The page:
The text: Mark 1:1-8
When we think of “snap, crackle and pop”, Rice Bubbles or Coco Pops would normally come to mind, but not munching on a bowl of locusts! I’ve always wondered why this would have been the staple diet for John the Baptist. But it seems locusts are not unusual to the palate of the Israelis and people there still eat locusts today. The wings and legs are torn off, bodies dried, roasted, or ground up and baked, seasoned with salt. Mixed with honey, locusts would provide a meal rich in protein, minerals and sugar and would have given John the Baptist valuable sustenance during his preaching in the desert.
Then there is John’s wardrobe. I guess his fashion stylist was going for the ‘wild’ look. Wearing a garment made of camel’s hair with a leather belt while standing in the desert under a hot sun isn’t something we might picture as particularly comfortable or desirable. But this was the customary clothing of a prophet, noted in Zechariah 13.
However Mark doesn’t include detail of John’s wardrobe and diet to explain the practical reasons for them, but to highlight the deep symbolical significance they carry. John’s clothing conveyed a message in itself. The people who came to John would identify him as a spokesman from God, and more particularly, the one of whom the Old Testament prophets had spoken. John’s meal, so unusual to us, would have evoked memories of God’s promise to the Israelites to bring them into their own land, a good land with abundant supply from God, a land flowing with milk and honey. Yet the locusts would also bring to remembrance God’s judgment on Israel; his warning that he would send a locust plague to devastate the land, sparking a national fast and mourning, during which the people were called to “rend their hearts, not their garments.”
As the Israelites came to John in the hot, uninhabited wilderness which in itself symbolised the spiritual state of the nation, they would have been reminded of their desert wanderings for forty years because of their grumbling and lack of faith. Yet as John stood there by the Jordan River, the location would have been striking for another reason: the Jordan was the gateway for Israel to enter into their new land that God had promised. So John’s ministry location was significant in itself. It is time to repent―a time for new beginnings. Indeed John had been sent by God as the forerunner to Jesus: “After me will come one more powerful than I, the thongs of whose sandals I am not worthy to stoop down and untie. I baptize you with water, but he will baptize you with the Holy Spirit.”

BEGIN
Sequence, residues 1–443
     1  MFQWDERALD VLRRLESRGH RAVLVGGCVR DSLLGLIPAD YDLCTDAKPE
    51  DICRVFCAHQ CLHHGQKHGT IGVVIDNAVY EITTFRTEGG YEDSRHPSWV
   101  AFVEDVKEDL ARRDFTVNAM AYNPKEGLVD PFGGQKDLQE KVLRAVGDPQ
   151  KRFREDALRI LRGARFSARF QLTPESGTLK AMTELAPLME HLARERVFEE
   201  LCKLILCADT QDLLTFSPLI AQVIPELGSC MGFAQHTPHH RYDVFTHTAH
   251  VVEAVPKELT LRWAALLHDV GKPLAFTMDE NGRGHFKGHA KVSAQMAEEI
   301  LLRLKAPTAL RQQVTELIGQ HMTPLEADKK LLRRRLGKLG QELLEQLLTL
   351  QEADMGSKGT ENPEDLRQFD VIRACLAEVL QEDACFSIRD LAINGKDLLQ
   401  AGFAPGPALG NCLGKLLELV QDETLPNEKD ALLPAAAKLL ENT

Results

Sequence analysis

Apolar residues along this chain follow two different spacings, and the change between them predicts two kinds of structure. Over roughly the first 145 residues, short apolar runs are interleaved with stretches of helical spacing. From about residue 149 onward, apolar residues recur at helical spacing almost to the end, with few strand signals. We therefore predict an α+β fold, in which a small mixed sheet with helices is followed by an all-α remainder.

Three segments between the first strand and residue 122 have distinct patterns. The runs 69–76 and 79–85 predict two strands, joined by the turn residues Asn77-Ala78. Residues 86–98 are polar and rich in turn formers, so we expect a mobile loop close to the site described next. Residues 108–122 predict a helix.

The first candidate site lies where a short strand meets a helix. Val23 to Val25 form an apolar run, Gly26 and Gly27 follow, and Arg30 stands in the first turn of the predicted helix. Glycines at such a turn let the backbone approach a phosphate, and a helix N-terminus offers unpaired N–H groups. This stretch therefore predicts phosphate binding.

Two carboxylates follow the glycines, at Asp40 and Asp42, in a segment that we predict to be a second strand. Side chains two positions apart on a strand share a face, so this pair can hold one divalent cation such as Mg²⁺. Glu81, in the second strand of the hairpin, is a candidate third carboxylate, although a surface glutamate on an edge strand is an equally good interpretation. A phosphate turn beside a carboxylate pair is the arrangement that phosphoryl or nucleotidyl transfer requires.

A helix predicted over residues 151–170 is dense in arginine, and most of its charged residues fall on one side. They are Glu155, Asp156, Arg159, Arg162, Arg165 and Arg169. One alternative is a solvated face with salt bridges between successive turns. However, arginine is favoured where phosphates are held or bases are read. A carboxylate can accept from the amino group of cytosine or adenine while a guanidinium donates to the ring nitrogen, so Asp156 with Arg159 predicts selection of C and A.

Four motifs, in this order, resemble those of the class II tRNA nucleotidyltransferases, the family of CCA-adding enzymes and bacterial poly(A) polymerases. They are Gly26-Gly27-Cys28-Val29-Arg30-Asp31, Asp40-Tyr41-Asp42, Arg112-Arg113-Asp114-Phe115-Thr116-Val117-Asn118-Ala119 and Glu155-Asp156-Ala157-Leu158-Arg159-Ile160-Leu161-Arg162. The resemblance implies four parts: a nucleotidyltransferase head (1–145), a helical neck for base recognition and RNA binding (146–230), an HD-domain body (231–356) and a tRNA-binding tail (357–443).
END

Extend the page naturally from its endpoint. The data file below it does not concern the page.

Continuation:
John’s task was to confront the people so that their hearts could be prepared to receive their Saviour. And so he preached a baptism of repentance. ‘Repentance’―that is a hard word for human ears to hear. It’s a thought laughable to the world. Even to God’s own people it’s a word that grates in our ears, wounding our pride. No one likes hearing that word, especially at this time of year. It’s a word that doesn’t fit with the candy canes and Christmas cards we receive, the carols wafting through the speakers in the shopping centres, the tinsel, Christmas lights, and fake snow in the windows. “Society’s changed and the church needs to change with it,” people say.
But as we wait in hope for our Lord’s coming, John’s words in the wilderness are more relevant than ever. They are not words out of sync with our culture and shifting morals. They are God’s words for us today, the church standing in the materialistic wasteland of our Western world. How might John’s sermon be relevant to us today? Did God give us a level of pride so great that it excuses his commandment to love? Did He call us to be judge over our brother and sister and decide who is forgiven, and when? Did he call us to lift ourselves above others and to be indifferent and insensitive to their needs? Did he call us to become workaholics and work hard at winning the approval of others rather than serving Christ? What—or who—do we look to for our security, worth, approval and peace? If the affirmation of others, or the things we do—even our service to the church—or our accomplishments and achievements take the place of Christ, then they are all idols.